Henrik and Daniel each have more than 40 points in their postseason careers. Daniel has 42 points, which averages to six points per playoff run. Meanwhile, Henrik has 44 points, an average of 6.3 points per postseason.

    However, the Canucks have mostly stumbled in the postseason during their careers. Since the Sedins joined the NHL, the Canucks have not gotten further than the Western Conference Semifinals, including two straight eliminations at the hands of the Chicago Blackhawks.

    Vancouver has gone to the playoffs seven times from 2000 through the end of the past season.

    Staals:

    Eric was the first Staal brother to win a Stanley Cup when Carolina won their first title in franchise history in 2006. The Hurricanes also went to the Eastern Conference Finals in 2009, but were eliminated by Jordan's Penguins.

    Eric boasts a combined 43 points for his postseason participation, an average of 21 points per playoff run.

    Jordan went to the Stanley Cup Finals in 2008 and 2009 and captured the Cup with the Penguins in 2009. Since he joined the team in the 2006-2007 season, the Penguins have been to the playoffs every year.

    Aside from their trips to the Finals, the Penguins were swept by the Ottawa Senators in the first round of the 2007 playoffs and were eliminated by the Montreal Canadiens in seven games in the 2010 Eastern Conference Semifinals.

    Jordan has 24 playoff points for his career.

    Marc has been to the playoffs with the Rangers in two of his three NHL seasons. In 2008, his team was eliminated by the Penguins, and he was part of a team embarrassment in 2009 when the Washington Capitals came back from a 3-1 series deficit to eliminate the Rangers in seven games.

    He has four playoff points for his career.

    Advantage:

    The Staals. The Canucks' consistent playoff appearances can't really hold a candle to two Stanley Cups in the Staal family.

Awards

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    Sedins:

    Daniel was the Vancouver Canucks leading scorer in the 2007 and 2009 seasons. As a result, he was awarded the Cyrus H. McLean Trophy, a Canucks team award given to the leading point scorer.

    He was also a part of the 2006 Swedish Olympic team that won a gold medal in Turin.

    Henrik was also a part of the 2006 Sweden Olympic team. He has won three straight McLean trophies (2008, 2009, and 2010). He was also named the team MVP in 2010 and was awarded the Cyclone Taylor Trophy, another Canucks team award.

    This year, Henrik captured his first Art Ross and Hart Memorial Trophies.

    Staals:

    Aside from their two Stanley Cups, the Staals have had success in other award categories.

    Jordan was named the Penguins Rookie of the Year in 2007, a title he shared with Evgeni Malkin. He was also nominated for the Calder Memorial Trophy in 2007 (lost to Malkin) and the Selke Trophy in 2010 (lost to Pavel Datsyuk).

    Eric is a three time NHL All-Star and has participated in the 2007, 2008, and 2009 events. In the 2008 All-Star Game, he was named the game's MVP after scoring three points in the game.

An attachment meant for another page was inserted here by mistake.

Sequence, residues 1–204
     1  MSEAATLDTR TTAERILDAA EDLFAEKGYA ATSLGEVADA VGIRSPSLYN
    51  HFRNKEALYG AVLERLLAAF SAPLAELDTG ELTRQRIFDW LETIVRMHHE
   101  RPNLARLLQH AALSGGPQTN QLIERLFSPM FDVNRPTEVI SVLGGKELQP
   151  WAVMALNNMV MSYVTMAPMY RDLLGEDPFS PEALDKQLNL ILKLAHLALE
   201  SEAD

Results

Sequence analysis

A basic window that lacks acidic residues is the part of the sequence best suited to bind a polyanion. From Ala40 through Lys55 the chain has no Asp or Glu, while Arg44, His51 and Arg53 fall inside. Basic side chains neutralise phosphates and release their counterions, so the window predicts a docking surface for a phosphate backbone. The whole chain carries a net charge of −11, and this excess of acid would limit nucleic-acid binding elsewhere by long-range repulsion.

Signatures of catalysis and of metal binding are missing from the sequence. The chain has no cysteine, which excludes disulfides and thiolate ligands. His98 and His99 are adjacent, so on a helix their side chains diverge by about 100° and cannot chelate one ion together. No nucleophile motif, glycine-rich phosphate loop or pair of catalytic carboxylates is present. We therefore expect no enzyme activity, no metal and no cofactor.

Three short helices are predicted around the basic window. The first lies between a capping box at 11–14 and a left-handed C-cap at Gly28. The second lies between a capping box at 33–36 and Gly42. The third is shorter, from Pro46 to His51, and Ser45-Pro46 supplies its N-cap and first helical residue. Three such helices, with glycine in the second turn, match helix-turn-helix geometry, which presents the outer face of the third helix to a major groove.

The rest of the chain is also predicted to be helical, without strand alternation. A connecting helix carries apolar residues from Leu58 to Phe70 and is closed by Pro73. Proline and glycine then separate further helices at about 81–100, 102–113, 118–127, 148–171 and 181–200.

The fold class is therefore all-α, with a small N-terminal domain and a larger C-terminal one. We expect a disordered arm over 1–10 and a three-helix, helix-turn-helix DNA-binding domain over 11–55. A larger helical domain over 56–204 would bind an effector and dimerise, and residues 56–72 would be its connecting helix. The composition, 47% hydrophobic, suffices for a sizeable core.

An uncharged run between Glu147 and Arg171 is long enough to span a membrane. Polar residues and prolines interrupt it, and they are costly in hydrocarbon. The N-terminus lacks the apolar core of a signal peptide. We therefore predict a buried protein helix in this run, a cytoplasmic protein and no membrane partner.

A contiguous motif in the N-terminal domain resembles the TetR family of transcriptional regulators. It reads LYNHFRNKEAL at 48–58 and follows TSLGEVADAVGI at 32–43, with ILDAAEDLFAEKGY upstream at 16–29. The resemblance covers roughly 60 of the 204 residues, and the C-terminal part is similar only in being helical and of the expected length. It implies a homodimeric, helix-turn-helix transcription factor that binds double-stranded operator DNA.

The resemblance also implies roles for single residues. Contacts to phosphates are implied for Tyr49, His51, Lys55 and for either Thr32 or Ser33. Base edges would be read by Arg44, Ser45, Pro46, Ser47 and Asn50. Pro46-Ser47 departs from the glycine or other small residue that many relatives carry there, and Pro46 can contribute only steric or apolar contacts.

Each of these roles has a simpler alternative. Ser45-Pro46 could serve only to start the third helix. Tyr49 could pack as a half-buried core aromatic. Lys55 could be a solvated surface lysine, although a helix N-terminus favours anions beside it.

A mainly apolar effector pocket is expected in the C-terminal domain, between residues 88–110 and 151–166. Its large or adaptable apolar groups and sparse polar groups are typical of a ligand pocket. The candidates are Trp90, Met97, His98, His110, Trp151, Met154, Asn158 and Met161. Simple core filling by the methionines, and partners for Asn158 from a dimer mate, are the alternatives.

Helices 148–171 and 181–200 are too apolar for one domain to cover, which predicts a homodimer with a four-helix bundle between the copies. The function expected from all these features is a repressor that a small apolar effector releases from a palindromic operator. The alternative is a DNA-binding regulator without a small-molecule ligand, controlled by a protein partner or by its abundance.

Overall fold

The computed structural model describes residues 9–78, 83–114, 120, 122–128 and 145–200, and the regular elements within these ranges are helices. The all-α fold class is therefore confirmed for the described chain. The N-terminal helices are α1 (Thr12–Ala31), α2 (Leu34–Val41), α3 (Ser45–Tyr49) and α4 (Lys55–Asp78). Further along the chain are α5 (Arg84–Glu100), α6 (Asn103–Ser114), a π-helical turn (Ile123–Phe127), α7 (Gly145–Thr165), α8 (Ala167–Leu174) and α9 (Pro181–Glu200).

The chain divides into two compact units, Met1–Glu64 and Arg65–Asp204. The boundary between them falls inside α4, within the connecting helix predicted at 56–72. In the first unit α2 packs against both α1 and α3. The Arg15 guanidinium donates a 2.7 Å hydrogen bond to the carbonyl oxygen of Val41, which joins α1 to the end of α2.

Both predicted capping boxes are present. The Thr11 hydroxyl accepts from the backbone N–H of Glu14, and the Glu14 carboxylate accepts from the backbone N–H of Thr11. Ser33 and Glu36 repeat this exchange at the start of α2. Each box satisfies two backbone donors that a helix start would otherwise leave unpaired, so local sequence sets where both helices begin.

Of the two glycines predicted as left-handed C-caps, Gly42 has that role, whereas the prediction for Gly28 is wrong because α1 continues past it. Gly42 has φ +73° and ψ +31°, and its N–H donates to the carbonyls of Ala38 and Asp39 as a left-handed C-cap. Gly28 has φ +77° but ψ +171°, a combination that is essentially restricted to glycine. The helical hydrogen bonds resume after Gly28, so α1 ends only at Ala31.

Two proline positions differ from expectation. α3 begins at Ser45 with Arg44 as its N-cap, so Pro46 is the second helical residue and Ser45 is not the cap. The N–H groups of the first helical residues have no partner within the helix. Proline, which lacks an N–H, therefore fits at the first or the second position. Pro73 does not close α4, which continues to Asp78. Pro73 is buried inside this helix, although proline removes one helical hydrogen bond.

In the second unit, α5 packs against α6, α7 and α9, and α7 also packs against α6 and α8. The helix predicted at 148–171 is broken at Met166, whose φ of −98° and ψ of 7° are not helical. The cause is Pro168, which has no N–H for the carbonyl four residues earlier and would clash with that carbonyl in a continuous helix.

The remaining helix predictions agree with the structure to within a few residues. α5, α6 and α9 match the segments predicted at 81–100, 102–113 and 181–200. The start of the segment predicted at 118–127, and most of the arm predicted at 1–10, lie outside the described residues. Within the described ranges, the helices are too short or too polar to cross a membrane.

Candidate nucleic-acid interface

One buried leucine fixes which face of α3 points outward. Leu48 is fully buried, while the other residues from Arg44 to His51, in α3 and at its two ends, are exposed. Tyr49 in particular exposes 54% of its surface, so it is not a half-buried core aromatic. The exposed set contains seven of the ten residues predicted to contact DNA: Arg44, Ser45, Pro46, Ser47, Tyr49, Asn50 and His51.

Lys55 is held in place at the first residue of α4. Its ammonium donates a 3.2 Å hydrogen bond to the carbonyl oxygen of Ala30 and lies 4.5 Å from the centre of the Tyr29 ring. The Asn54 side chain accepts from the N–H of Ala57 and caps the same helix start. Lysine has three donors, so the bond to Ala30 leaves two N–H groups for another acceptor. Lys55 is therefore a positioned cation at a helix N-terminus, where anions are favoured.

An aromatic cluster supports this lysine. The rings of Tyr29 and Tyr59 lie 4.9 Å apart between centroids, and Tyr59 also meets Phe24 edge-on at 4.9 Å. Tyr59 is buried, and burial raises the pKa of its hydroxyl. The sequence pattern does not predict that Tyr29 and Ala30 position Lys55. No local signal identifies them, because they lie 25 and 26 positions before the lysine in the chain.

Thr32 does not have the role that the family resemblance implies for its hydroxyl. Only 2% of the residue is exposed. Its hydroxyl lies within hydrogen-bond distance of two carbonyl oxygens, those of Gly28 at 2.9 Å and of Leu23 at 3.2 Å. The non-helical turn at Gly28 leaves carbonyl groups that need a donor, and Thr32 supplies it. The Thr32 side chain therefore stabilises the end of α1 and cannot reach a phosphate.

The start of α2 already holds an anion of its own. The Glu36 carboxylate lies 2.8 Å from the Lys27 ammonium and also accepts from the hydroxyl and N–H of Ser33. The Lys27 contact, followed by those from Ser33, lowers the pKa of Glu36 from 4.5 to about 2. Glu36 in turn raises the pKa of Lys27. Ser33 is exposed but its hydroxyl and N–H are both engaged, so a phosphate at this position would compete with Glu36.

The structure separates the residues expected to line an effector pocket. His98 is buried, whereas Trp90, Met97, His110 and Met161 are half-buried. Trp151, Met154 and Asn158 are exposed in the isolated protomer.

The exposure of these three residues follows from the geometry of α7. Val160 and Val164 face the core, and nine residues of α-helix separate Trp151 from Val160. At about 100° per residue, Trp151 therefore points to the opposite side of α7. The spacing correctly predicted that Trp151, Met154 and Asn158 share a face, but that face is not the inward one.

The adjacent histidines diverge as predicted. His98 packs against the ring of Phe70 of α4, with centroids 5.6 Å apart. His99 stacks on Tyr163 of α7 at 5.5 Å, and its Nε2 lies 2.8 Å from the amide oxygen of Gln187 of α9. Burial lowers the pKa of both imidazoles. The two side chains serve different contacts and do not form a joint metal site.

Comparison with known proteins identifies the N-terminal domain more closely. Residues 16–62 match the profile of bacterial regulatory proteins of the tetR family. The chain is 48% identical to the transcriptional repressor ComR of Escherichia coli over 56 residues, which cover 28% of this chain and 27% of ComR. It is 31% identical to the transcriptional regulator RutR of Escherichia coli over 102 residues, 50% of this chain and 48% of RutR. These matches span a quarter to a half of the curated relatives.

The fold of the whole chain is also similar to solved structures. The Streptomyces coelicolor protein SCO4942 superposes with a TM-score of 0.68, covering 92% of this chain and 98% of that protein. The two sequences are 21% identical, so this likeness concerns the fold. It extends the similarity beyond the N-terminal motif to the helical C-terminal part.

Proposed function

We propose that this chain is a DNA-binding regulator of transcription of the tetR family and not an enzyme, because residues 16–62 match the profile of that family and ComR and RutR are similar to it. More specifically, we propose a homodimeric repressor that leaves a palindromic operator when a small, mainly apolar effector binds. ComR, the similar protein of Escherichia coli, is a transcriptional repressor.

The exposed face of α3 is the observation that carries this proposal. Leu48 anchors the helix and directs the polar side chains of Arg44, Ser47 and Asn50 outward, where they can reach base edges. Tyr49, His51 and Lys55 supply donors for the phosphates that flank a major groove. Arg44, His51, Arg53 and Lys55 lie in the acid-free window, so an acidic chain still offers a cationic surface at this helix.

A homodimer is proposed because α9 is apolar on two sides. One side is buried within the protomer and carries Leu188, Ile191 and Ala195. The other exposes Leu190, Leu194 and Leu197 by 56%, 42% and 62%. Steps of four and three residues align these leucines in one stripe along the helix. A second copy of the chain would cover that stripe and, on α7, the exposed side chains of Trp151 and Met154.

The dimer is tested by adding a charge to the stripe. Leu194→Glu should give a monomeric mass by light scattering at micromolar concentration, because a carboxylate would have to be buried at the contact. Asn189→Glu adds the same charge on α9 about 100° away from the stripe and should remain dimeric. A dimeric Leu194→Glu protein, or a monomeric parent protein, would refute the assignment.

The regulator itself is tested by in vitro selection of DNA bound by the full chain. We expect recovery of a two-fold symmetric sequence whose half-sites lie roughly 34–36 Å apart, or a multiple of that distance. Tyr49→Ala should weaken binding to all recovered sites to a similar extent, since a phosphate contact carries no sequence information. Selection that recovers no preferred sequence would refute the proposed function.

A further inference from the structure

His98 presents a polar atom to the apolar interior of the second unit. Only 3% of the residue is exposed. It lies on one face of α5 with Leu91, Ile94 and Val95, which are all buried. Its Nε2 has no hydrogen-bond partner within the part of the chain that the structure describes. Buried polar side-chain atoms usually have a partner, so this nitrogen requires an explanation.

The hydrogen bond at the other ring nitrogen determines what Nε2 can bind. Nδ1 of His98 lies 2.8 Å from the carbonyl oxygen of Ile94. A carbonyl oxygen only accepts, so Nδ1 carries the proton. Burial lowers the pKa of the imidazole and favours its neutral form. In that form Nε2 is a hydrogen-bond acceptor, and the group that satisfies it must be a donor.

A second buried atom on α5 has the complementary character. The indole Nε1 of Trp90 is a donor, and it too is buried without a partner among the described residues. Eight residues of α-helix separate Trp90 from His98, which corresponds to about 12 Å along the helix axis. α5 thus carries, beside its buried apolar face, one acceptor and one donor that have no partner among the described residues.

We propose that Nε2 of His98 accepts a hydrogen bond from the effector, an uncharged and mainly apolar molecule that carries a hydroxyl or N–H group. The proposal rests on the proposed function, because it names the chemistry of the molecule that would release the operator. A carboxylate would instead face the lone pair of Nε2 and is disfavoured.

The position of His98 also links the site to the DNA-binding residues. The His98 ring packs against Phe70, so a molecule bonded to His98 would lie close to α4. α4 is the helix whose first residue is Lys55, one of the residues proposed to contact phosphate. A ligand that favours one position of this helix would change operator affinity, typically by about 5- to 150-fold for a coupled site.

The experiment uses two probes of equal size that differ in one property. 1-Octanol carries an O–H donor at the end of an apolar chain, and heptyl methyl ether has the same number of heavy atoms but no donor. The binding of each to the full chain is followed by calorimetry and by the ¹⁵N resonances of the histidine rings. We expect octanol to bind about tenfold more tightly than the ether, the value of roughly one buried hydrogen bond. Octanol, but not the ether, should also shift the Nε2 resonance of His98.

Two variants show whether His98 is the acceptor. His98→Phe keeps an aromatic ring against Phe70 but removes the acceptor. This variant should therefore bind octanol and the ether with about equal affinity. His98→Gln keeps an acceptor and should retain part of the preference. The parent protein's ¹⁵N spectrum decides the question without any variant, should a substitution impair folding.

Eric was also a part of the 2010 Canadian Olympic team that defeated the USA team in one of the best gold medal games of all-time. He is now a member of the NHL's Triple Gold Club, which is reserved for players that have won a World Championship gold medal, an Olympic gold medal, and a Stanley Cup.

    Advantage:

    This is another even category because I feel it is too hard to place a gold medal over a Stanley Cup, and vice versa. NHL players themselves are often honored to win one or the other, let alone both.

    What should take precedence? The Staals and their two Stanley Cups? The Sedins and their two gold medals?

    I am interested in seeing the discussion on this slide.


Records

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    Sedins:

    Henrik is the current Canucks record holder for all-time assists with 434.

    He also holds the team record for assists in a season with 83. He actually broke his own record of 71 assists that he set back in 2006-2007. This year, his 112 point season set a new Canucks record for points in a season. He passed Pavel Bure's 110 points in 1993-1994.

    Staals:

    Jordan is the youngest player to score two shorthanded goals, accomplishing the feat in an October 2006 game against the Columbus Blue Jackets when he was 18 years and 41 days old. That same game, he also became the youngest player to score on a penalty shot.

    He also holds a record for most shorthanded goals by a rookie, scoring seven during the 2006-2007 season.

    Eric set a Hurricanes franchise record for the most hat tricks in a season when he had four hat tricks during the 2008-2009 season.

    He also has the team record for career postseason points after putting up 43 points during his two playoff runs with Carolina.

    Advantage:

    The Sedins. The Staals may have more records, but Henrik broke one of his own records and passed one of the greatest NHL players in history to get another one.

Is One Better Than the Other?

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    For me, there is no clear cut answer on whether the Staals or the Sedins are the better of these two sets of brothers in today's NHL.

    Both have achieved a lot. From Stanley Cups to Olympic gold medals to valuable team contributors, I would hate to discredit one set of accomplishments. There just isn't a need to, in my opinion.

    Of course, if I had to pick who I'd want at a party, I'd take the Swedish twins. I mean...they can dance!

    And they probably won't get arrested for having a little TOO much fun (although I do forgive Jordan and Eric for their slip up).

    But since this slideshow isn't about deciding which set of brothers can have more fun, I think we need to get ourselves back on track.

    Do you think that the Staals or the Sedins are better than one or the other? Or would you call it even?

    Drop me a line in the comments and let me know what you think.